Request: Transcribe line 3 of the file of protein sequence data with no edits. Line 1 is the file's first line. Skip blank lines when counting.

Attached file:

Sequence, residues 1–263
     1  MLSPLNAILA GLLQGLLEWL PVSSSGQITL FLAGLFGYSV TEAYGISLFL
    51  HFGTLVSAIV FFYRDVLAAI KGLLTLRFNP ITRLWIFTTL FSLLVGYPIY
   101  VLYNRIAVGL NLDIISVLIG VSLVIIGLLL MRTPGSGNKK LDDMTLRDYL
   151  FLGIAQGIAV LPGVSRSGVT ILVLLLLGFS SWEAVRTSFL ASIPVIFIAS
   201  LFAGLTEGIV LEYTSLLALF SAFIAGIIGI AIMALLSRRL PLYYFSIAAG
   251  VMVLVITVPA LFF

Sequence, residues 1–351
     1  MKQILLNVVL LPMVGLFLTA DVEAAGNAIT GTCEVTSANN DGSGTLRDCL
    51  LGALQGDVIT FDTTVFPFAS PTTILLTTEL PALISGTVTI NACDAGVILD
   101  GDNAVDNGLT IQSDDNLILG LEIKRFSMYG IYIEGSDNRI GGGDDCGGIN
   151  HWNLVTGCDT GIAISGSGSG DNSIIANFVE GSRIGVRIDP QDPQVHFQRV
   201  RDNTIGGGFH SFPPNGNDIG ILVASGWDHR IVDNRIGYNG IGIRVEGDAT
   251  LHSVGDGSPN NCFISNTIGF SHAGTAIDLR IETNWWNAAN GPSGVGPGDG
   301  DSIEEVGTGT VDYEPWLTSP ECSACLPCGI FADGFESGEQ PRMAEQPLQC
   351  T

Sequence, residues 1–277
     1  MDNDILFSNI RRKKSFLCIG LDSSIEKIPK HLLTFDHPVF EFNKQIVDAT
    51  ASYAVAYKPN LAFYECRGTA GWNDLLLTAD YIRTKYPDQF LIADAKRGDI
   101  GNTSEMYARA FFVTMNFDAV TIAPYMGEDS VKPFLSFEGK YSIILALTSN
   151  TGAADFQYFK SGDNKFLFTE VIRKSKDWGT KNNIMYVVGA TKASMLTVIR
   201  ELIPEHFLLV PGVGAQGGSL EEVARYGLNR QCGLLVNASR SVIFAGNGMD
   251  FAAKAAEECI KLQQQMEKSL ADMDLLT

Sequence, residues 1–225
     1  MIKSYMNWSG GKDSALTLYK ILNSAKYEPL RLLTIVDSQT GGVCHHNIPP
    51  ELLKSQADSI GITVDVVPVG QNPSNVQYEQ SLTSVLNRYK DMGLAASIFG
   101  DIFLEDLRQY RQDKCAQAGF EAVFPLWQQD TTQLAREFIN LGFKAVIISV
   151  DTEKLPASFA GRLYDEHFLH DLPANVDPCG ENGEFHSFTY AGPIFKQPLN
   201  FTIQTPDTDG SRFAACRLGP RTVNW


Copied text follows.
    51  HFGTLVSAIV FFYRDVLAAI KGLLTLRFNP ITRLWIFTTL FSLLVGYPIY